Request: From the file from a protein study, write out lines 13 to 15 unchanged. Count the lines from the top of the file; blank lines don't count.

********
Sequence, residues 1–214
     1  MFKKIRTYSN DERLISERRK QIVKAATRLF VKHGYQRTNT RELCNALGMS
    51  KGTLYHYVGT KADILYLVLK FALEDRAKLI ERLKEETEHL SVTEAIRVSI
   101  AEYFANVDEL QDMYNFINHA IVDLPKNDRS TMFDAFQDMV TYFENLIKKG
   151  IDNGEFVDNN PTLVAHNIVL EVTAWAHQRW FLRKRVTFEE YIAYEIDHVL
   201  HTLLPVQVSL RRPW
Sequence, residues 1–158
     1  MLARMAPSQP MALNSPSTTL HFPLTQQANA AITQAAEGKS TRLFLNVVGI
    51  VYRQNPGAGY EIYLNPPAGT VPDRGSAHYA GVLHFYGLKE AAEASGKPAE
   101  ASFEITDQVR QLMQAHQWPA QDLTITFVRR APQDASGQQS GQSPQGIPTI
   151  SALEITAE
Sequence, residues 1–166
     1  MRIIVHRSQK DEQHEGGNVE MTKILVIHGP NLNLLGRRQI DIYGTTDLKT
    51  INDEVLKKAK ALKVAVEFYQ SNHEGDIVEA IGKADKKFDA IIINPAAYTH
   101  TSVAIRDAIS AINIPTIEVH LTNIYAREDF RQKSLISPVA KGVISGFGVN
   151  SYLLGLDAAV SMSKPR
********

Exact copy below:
     1  MRIIVHRSQK DEQHEGGNVE MTKILVIHGP NLNLLGRRQI DIYGTTDLKT
    51  INDEVLKKAK ALKVAVEFYQ SNHEGDIVEA IGKADKKFDA IIINPAAYTH
   101  TSVAIRDAIS AINIPTIEVH LTNIYAREDF RQKSLISPVA KGVISGFGVN